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  #1815  
Old 12-22-2011
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Every so often a member starts a thread that takes on a life of its own and becomes a unique resource for our community. To keep these threads visible they receive a stationary position on the forum.

Such is the case with this thread and with Paulo's ongoing support of it. As a result SailNet Moderator Faster nominated this thread and asked me to confer the honor and thank Paulo for his hard work in creating this wonderful discussion.

Thank you Paulo!
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  #1816  
Old 12-23-2011
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Hi Paulo

Just back from a sailing boot camp of RYA theory, first aid at sea and a prep week for the next step up but I have managed to follow the thread on my mobile with great interest.

Firstly congratulations on your Salona 38 choice - I am sure you have chosen well and that you will get what you expect. When I was in Croatia earlier this year, I had a look at the Salona 37 and realised that yachts are as much an affair of the heart as they are an affair of the head. To my eye, the Salona 37 in its non face-lifted version just doesn't have the look which probably explains why Salona opted for the colourful hulls? The face-lifted Salona 37 and the new Salona 38 on the other hand have all the specs AND the looks.

Also thanks for the incredibly helpful information on keels - it seems that if we really want to compare stability, we need to compare RM stability charts for each boat - if only they were available on all yachts.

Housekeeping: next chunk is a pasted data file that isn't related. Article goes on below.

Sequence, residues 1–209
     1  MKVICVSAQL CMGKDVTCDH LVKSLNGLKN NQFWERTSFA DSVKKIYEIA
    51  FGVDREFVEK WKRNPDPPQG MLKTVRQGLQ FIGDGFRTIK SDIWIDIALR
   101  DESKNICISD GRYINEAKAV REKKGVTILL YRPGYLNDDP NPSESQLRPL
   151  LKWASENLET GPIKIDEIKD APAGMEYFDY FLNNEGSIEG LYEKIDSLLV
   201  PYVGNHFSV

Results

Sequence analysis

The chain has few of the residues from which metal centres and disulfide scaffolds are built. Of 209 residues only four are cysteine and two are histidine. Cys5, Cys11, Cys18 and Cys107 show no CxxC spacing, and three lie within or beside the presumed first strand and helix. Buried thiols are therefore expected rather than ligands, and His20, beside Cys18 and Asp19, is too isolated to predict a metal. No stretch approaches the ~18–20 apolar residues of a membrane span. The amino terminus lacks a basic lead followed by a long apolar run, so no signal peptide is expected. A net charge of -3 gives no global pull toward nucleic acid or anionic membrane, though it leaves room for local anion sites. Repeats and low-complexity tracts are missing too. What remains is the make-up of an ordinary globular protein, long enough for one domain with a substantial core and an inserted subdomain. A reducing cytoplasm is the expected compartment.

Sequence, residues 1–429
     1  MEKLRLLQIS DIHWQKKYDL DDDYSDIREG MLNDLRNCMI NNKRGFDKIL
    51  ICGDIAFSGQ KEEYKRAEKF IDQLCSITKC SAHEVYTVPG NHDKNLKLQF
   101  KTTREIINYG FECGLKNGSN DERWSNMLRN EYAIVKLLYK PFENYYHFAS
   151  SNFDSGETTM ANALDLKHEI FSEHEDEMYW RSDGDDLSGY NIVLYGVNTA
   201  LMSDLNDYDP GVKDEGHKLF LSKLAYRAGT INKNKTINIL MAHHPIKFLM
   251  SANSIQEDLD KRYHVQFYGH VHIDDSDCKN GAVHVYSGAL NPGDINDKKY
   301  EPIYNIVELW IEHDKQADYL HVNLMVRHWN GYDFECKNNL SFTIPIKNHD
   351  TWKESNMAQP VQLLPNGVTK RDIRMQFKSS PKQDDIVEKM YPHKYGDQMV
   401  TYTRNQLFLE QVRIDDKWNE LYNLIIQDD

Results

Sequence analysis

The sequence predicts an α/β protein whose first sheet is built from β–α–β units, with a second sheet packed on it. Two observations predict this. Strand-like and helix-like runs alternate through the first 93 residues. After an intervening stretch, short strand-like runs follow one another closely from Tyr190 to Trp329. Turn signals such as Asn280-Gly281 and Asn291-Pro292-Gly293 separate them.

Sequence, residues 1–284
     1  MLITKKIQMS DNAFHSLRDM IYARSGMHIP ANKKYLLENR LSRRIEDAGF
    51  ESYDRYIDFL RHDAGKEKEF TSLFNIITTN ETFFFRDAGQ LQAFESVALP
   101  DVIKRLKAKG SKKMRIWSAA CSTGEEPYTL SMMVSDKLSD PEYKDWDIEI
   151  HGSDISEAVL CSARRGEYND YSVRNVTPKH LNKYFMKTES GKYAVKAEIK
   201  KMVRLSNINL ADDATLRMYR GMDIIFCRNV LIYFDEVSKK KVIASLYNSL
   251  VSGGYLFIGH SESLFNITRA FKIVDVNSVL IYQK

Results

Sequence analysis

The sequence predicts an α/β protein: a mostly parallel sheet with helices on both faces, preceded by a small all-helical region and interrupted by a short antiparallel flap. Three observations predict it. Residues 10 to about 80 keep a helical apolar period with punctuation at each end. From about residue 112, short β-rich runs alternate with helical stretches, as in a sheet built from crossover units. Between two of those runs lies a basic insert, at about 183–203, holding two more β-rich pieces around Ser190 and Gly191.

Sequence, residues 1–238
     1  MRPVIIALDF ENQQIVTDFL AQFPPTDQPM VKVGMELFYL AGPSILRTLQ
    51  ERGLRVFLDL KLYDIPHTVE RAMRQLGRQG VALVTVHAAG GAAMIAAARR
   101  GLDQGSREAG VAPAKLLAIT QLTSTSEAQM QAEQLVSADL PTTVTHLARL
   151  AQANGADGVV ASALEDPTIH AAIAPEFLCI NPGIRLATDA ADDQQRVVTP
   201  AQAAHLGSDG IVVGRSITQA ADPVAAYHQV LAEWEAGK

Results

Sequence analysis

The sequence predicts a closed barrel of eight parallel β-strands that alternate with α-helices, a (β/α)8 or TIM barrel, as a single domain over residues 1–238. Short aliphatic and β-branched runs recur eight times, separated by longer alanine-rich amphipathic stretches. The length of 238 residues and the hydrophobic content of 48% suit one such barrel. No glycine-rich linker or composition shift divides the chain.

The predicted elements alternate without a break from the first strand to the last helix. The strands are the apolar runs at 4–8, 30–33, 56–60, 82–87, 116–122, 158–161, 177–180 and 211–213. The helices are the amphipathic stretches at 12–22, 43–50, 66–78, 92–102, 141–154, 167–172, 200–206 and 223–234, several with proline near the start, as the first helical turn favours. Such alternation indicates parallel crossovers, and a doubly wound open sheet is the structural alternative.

To my next point - More and more manufacturers seem to be putting the shrouds out on the gunwale as opposed to mounting them nearer the coach roof. I think this has been done partly due to mainsails becoming bigger, genoas becoming smaller but also no doubt to make the rig stronger and more stable. There is a downside to this though. Consider the Beneteau Oceanis 37 which is also one of my favourites. Some critics believe that the yacht is under canvassed and will suffer a little in light winds as well as when the yacht is on a broad reach or running without a spinnaker or assymetrical. With the shrouds out on the gunwale, it becomes more difficult and sometimes impossible to increase the size of the genoa to beyond the 105% that it comes out with. I notice too that the Grand Soleil 39 and the Hanse 415 have also placed the shrouds here. Surely you break even or win by having the shrouds inboard - albeit with additional re-inforcement - as this allows one to increase the size of the genoa to say 140%. It also allows you to achieve a tighter sheeting angle well sailing close hauled so it is a choice that I don't fully understand. The Dufour 375 by the way has the shrouds inboard which seemed to help in achieving a sparkling performance in the latest test in Sailing Today.

Congrats on the forum's award by the way - totally merited.

All the best

David
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  #1817  
Old 12-23-2011
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Talking

Quote:
Originally Posted by PCP View Post
You are interested in all those boats?

Najad are expensive Luxury cruisers, very good boats with very nice quality interiors. They are on the same league with Halberg Rassy and Malo, all Swedish boats but I guess you already now that. Old ones are a bit on the slow side but new models are good sailing boats, a bit slower than the typical mass production cruiser in light wind but relatively fast and seaworthy with medium winds.

Here you have a movie from the Yachting Monthly test sail to the Najad 410:



And a test summary:

Najad 410 | Single-hull Boat Reviews | Yachting Monthly | Single-Hull Boat Reviews | Yachting Monthly

A test by Sail magazine on the 570 with a movie:

Najad 570 Test Sail | Sail Magazine

A movie of a 440ac in a race



Some test sails on the 355:

Najad 355 | Sail Magazine

Najad 355 Sailboat Review | Cruising World

48° North - Test Sail

some more nice movies:








And here a list of tests you can find about each model:

Najad Owners Forum - Boat Reviews

And you speak German and don't mind to pay 2€ for each you can find some good ones here, including some comparatives :

Download*|*YACHT.DE

Regards

Paulo
Paulo Thanks for you help.